US President Donald Trump has signaled that he is determined to turn the much discussed "safe zones" in Syria into reality.
Speaking to ABC News Wednesday, Trump emphasized that he "will absolutely do safe zones in Syria" for refugees in order to halt the flow of migrants from Syria to other states.
"I'll absolutely do safe zones in Syria for the people," he said, "I think that Europe has made a tremendous mistake by allowing these millions of people to go into Germany and various other countries. And all you have to do is take a look. It's a disaster what's happening over there."
Commenting on the issue Reuters reported that Trump is due to sign a draft executive order on implementing safe zones in Syria within 90 days.
However, the media outlet underscored that the document in question, entitled "Protecting the Nation From Terrorist Attacks by Foreign Nationals," doesn't provide any details on where and when these safe zones would be implemented and who would protect them.
In response to Trump's move, Moscow noted that before establishing safe zones in Syria one should carefully weigh the pros and cons.
"Our US partners have not consulted with Russia, it is a sovereign decision. It is important not to aggravate the situation with refugees. One ought to calculate all the possible consequences," Kremlin spokesman Dmitry Peskov told journalists Thursday.
For his part, Turkish Foreign Ministry spokesman Huseyin Muftuoglu also noted that the issue requires consideration.
"What is important is what kind of results of this work would have and what kind of information and guidance will come out from US institutions," Muftuoglu told a press conference, as quoted by the Anadolu Agency.
Ankara has long been known as a proponent of establishing no-fly zones in northern Syria.
Back in December, 2016, Trump promised his voters to build safe zones in Syria and persuade Persian Gulf states to pay for it.
"We are going to build safe zones in Syria and we are going to get the Gulf states to pay for the safe zones," Trump told a thank you rally in Orlando, Florida.
Commenting on the issue, Russian analyst and former diplomat Vyacheslav Matuzov told Radio Sputnik in December that Trump's plan to build safe zones in Syria will only work if the legitimate Syrian government of Bashar al-Assad continues to keep these zones under control.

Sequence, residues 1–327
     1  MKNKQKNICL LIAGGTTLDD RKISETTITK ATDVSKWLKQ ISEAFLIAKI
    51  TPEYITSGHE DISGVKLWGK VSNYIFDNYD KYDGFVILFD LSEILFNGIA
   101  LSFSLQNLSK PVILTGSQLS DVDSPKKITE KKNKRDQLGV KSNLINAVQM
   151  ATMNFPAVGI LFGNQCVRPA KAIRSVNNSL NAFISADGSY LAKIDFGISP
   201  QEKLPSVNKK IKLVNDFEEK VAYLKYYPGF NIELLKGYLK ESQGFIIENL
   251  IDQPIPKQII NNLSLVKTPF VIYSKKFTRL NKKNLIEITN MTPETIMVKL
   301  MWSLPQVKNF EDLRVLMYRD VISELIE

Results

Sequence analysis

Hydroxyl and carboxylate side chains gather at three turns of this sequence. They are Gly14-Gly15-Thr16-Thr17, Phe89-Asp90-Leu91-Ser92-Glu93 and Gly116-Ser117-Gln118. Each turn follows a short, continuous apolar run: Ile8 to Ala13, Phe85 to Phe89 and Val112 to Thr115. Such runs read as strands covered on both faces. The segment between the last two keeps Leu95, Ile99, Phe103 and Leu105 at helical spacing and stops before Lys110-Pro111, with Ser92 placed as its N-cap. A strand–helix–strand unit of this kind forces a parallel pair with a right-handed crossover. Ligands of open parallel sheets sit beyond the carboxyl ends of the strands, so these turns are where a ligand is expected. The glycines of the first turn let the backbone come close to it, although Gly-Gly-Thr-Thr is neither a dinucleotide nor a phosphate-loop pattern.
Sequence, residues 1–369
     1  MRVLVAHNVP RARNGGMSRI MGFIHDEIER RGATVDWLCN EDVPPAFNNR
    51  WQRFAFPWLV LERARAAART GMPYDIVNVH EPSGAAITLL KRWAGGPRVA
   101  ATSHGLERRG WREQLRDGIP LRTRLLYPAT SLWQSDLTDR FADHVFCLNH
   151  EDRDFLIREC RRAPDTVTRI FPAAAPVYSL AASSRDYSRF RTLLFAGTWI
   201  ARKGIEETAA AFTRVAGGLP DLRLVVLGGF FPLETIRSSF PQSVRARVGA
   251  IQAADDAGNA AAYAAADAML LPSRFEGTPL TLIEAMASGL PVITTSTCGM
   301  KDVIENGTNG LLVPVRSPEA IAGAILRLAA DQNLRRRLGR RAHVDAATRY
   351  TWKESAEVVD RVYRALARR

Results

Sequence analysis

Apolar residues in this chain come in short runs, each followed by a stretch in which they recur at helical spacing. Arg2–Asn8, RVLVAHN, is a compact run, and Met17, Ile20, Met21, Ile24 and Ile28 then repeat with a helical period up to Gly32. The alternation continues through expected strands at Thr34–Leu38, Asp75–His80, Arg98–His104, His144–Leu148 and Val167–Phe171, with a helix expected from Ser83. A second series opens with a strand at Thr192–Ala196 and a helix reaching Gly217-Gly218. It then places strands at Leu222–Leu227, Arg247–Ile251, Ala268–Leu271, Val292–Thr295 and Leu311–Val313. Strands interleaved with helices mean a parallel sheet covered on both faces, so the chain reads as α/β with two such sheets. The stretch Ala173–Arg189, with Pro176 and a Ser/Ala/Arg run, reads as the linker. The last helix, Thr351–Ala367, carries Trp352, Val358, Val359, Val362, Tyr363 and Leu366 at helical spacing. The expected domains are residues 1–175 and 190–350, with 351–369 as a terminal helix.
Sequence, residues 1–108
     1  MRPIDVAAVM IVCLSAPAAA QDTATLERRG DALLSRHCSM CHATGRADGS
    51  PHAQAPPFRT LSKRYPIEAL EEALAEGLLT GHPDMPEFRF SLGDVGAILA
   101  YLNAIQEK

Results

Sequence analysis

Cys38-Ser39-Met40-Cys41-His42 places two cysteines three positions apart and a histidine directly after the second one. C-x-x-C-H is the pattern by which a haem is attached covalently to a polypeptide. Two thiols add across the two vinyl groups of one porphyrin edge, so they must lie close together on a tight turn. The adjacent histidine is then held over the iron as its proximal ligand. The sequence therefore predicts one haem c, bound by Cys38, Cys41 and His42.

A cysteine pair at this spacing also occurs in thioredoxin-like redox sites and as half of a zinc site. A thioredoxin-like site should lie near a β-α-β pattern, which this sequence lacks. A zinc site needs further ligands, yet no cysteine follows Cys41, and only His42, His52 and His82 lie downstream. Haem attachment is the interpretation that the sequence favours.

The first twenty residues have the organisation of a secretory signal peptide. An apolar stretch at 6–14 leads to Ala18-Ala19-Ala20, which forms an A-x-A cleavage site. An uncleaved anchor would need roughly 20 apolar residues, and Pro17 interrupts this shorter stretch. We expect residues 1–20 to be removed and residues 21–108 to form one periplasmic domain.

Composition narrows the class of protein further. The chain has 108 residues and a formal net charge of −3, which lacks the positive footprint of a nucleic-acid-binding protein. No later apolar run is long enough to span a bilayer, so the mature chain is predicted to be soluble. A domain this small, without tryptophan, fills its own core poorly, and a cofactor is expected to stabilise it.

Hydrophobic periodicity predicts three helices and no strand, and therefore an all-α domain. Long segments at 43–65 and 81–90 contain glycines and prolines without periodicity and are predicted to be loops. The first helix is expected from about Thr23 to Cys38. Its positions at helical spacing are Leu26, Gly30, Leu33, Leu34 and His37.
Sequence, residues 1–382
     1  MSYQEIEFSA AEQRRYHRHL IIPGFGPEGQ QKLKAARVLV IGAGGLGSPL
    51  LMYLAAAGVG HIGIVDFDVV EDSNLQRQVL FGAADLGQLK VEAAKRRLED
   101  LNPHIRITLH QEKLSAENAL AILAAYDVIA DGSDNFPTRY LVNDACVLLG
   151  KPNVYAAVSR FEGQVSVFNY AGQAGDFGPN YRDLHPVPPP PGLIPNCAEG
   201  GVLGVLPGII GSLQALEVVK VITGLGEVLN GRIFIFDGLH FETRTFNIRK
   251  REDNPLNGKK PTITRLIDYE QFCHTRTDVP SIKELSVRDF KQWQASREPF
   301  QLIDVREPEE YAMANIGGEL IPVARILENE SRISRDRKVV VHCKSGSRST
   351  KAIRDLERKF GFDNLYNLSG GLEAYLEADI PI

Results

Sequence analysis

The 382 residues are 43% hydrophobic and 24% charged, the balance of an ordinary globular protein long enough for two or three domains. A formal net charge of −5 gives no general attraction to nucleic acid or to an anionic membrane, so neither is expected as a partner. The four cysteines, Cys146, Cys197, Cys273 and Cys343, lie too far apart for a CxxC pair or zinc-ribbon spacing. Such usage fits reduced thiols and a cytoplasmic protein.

"The creation of safe zones [in Syria] should not mean bringing them out of control of the Syrian legitimate government. I believe that 'safe zones' could mean only one thing — to keep territories safe against terrorist groups Syria is suffering from," Matuzov explained, "If Trump meant exactly the same thing we will have no problems with it."
According to Daniel Larison of the American Conservative the implementation of safe zones in Syria will be no walk in the park for the Trump administration.
"Creating safe zones would require a large deployment of ground forces that would be prepared to defend it against anyone that might attack, and the mission would be an open-ended one," Larison warned.
He quoted John Ford, a captain in the United States Army, who insisted that the idea of Syrian safe zones is "unworkable." In his October op-ed for The National Interest Ford underscored that safe zones sound good only in theory, warning that they could create the risk of a direct conflict with either Damascus or Russia.
In any event, the initiative represents "a dramatic and unwarranted escalation of US involvement in Syria's civil war," Larison pointed out, suggesting that most Americans won't support it.
During the final presidential debate Clinton clarified that by establishing no-fly zones and safe havens in Syria she hoped to gain the upper hand over Damascus and Russia in Syria.
"I'm going to continue to push for a no-fly zone and safe havens within Syria, not only to help protect the Syrians and prevent the constant outflow of refugees, but to, frankly, gain some leverage on both the Syrian government and the Russians," she said.
However, General Joseph Dunford, Chairman of the Joint Chiefs of Staff threw some cold water on the plan back in September 2016.
"Right now… for us to control all of the airspace in Syria would require us to go to war against Syria and Russia," Dunford told the Senate Armed Services Committee commenting on the no-fly zone idea.